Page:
# Python Tuple to Integer

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You have a tuple of integers—but you want a single integer. What can you do?

## Problem Formulation and Solution Overview

Given a tuple of values.

`t = (1, 2, 3)`

Goal: Convert the tuple to a single integer value.

If you simply pass a tuple `t` into the `int(t)` built-in function, Python will raise a `TypeError: int() argument must be a string, a bytes-like object or a number, not 'tuple'`.

```t = (1, 2, 3)
int(t)```

This doesn’t work! Here’s the error message that appears if you try to do this direct conversion from tuple to int:

``TypeError: int() argument must be a string, a bytes-like object or a number, not 'tuple'``

In principle, there are two ways of converting a tuple to an integer and avoiding this TypeError:

• Select one of the tuple elements `tuple[i]` using tuple indexing of the `i`-th tuple element.
• Aggregate the tuple elements to a single integer value, e.g., summing over all tuple elements or combining their string aggregation.

Let’s get a quick overview in our interactive Python shell:

Exercise: Modify method 2 to calculate the average and round to the next integer!

Let’s dive into each of the methods.

## Method 1: sum()

The first way of converting a tuple to an integer is to sum up all values. The `sum()` function is built-in in Python and you can use it on any iterable:

The syntax is `sum(iterable, start=0)`:

Here’s how you can use the `sum()` function to sum over all values in an iterable (such as a tuple):

```# Method 1: sum()
t = (1, 2, 3)
i = sum(t)
print(i)
# 6```

In this case, it calculates 1+2+3=6. You can learn more about the `sum()` function on this Finxter blog article.

But what if you want to use all tuple values as digits of a larger integer value?

## Method 2: str() + list comprehension + join()

List comprehension is a compact way of creating lists. The simple formula is `[expression + context]`.

• Expression: What to do with each list element?
• Context: What elements to select? The context consists of an arbitrary number of `for` and `if` statements.

You can use it in combination with the `sum()` function to calculate the integer 123 from the tuple `(1, 2, 3)`—by using the tuple values as digits of the larger integer.

```# Method 2: str() + list comprehension + join()
t = (1, 2, 3)
i = ''.join(str(x) for x in t)
print(int(i))
# 123```

Well, to be frank, we didn’t even use list comprehension here—the correct term for `str(x) for x in t` is “generator expression”. The difference to list comprehension is that it creates a generator instead of a list.

If you like functional programming, you may like the following method:

## Method 3: str() + map() + join()

The map() function creates a new iterable from an iterable by applying a function to each element of the original iterable:

You can pass the `str()` function into the `map()` function to convert each tuple element to a string.

Then, you can join all strings together to a big string. After converting the big string to an integer, you’ve successfully merged all tuple integers to a big integer value.

```# Method 3: str() + map() + join()
t = (1, 2, 3)
i = ''.join(map(str, t))
print(i)
# 123```

There are many details to the `string.join()` method. You can read the detailed tutorial on the Finxter blog. Here’s the short version:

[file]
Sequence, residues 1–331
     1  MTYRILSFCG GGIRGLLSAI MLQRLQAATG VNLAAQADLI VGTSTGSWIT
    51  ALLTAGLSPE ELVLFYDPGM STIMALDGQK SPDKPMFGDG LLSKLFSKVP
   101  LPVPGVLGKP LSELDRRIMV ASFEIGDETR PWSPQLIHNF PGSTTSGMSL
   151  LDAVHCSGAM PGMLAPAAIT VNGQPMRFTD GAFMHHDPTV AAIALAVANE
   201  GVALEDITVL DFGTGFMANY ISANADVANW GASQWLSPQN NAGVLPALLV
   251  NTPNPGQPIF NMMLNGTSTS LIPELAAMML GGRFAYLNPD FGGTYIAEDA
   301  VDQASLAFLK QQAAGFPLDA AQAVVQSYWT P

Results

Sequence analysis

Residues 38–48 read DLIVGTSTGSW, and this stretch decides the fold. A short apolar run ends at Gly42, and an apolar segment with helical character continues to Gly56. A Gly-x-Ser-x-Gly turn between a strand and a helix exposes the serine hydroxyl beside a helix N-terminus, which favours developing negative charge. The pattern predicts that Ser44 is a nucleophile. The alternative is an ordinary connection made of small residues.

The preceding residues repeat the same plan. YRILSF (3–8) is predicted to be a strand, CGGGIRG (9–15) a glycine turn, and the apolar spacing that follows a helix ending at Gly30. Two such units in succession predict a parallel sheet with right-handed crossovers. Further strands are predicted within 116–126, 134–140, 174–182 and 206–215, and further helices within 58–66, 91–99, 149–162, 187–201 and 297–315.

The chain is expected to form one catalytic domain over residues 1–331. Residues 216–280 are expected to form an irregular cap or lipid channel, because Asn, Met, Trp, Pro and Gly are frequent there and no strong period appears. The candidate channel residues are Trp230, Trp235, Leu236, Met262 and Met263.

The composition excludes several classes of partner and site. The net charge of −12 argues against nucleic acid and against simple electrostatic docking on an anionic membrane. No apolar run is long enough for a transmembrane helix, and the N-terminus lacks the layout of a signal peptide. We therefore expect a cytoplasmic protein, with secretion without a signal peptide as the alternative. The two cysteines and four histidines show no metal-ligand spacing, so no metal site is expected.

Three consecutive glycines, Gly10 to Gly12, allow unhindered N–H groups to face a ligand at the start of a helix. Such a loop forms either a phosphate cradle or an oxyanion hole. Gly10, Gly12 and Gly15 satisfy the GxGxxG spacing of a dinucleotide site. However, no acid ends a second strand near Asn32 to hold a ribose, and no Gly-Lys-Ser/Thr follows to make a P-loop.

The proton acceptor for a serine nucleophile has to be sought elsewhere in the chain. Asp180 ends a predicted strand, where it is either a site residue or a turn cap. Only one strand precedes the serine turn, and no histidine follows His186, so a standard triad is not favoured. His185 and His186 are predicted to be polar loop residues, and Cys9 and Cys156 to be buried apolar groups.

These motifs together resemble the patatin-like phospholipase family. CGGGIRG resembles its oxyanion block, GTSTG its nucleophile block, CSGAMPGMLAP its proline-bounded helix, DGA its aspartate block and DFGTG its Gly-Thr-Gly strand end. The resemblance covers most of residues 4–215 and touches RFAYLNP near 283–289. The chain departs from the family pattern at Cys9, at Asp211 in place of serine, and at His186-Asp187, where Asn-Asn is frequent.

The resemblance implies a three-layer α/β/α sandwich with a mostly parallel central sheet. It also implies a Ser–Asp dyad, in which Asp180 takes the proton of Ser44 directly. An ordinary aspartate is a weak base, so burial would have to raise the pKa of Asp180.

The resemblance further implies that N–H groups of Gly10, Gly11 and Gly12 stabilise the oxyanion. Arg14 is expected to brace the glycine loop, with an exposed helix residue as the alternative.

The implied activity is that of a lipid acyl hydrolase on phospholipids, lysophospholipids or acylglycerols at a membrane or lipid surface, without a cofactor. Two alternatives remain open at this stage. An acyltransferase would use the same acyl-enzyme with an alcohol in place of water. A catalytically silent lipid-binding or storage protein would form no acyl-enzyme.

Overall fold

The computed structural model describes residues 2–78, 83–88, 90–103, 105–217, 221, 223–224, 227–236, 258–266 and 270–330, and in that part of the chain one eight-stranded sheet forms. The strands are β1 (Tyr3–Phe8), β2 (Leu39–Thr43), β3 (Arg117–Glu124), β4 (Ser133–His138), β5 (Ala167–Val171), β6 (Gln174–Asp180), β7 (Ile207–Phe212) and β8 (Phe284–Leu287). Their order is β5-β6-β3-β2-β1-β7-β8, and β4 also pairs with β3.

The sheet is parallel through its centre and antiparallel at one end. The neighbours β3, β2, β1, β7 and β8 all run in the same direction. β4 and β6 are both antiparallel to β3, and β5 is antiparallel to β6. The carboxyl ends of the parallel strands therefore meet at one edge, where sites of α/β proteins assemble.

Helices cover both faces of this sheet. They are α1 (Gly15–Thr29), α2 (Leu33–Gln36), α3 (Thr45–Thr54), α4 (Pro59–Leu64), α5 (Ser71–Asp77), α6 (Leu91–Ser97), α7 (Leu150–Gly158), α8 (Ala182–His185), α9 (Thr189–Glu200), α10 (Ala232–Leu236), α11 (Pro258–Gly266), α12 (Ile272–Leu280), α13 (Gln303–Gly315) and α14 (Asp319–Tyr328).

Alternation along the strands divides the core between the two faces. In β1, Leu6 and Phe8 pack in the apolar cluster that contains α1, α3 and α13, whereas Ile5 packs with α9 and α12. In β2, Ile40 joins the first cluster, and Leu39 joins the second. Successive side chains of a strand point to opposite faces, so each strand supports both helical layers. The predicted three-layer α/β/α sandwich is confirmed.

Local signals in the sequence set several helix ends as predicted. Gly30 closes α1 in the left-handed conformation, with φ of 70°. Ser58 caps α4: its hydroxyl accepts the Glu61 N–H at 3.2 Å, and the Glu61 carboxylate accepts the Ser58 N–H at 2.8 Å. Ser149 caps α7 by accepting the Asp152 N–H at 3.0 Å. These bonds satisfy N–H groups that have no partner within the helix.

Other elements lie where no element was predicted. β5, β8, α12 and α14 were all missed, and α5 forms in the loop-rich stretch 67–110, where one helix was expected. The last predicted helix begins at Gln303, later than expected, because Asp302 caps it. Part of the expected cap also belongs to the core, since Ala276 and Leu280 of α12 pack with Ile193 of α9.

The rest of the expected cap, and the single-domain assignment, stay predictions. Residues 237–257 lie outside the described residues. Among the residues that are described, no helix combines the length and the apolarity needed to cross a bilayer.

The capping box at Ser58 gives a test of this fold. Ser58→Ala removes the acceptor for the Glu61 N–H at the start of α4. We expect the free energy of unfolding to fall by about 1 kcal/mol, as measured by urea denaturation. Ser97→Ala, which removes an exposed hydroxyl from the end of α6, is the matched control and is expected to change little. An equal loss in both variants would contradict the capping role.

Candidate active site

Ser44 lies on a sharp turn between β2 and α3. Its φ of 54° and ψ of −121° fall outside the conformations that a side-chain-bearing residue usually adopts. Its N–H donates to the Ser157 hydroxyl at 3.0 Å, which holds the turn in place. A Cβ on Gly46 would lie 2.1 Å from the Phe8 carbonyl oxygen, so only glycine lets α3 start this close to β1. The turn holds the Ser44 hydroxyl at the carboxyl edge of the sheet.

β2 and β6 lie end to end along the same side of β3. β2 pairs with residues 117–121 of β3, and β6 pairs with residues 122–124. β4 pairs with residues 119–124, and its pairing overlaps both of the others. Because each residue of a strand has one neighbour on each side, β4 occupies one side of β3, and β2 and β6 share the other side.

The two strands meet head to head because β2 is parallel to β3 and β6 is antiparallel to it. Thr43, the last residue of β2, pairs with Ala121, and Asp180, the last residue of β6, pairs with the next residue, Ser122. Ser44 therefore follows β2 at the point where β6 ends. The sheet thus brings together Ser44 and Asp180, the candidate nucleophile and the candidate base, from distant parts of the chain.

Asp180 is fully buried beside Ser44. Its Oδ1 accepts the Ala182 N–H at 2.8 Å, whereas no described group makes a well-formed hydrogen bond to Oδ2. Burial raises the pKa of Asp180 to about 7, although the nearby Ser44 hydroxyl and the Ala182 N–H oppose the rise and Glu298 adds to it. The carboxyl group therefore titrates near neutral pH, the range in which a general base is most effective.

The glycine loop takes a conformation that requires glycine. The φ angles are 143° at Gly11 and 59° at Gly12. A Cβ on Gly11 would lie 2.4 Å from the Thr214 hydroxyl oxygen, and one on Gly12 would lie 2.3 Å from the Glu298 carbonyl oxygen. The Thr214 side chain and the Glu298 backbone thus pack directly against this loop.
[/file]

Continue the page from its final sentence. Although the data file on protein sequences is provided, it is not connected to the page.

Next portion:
The `string.join(iterable)` method concatenates all the string elements in the `iterable` (such as a list, string, or tuple) and returns the result as a new string. The `string` on which you call it is the delimiter string—and it separates the individual elements. For example, `'-'.join(['hello', 'world'])` returns the joined string `'hello-world'`.

## Method 4: Multiple Assignments

If you simply want to get multiple integers by assigning the individual tuple values to integer variables, just use the multiple assignment feature:

```# Method 4: multiple assignments
t = (1, 2, 3)
a, b, c = t
print(a)
print(b)
print(c)
'''
1
2
3
'''
```

Variables `a`, `b`, and `c` have the values 1, 2, and 3, respectively.

## Method 5: Reduce Function

After writing this article, I realized that there’s a fifth way to convert a tuple to an integer value:

To convert a tuple to an integer value, use the `reduce()` function from the `functools` library in combination with the lambda function to aggregate the elements using any binary aggregator function such as multiplication, addition, subtraction like so:

• Multiplication: `functools.reduce(lambda aggregate, element: aggregate * element, t)`
• Addition: `functools.reduce(lambda aggregate, element: aggregate + element, t)`
• Subtraction: `functools.reduce(lambda aggregate, element: aggregate - element, t)`

Here’s a basic example using the multiplication aggregation for starters:

```import functools

t = (1, 2, 3)

res = functools.reduce(lambda aggregate, element: aggregate * element, t)
print(res)
# 6
```

Here’s a basic example using the addition aggregation:

```import functools

t = (1, 2, 3)

res = functools.reduce(lambda aggregate, element: aggregate + element, t)
print(res)
# 6
```

Here’s a basic example using the subtraction aggregation:

```import functools

t = (1, 2, 3)

res = functools.reduce(lambda aggregate, element: aggregate - element, t)
print(res)
# -4
```

In case you need some repetition or additional information on the reduce() function, run this video:

💡 Info: The `reduce()` function from Python’s `functools` module aggregates an iterable to a single element. It repeatedly merges two iterable elements into a single one as defined in the function argument. By repeating this, only a single element will remain — the return value.

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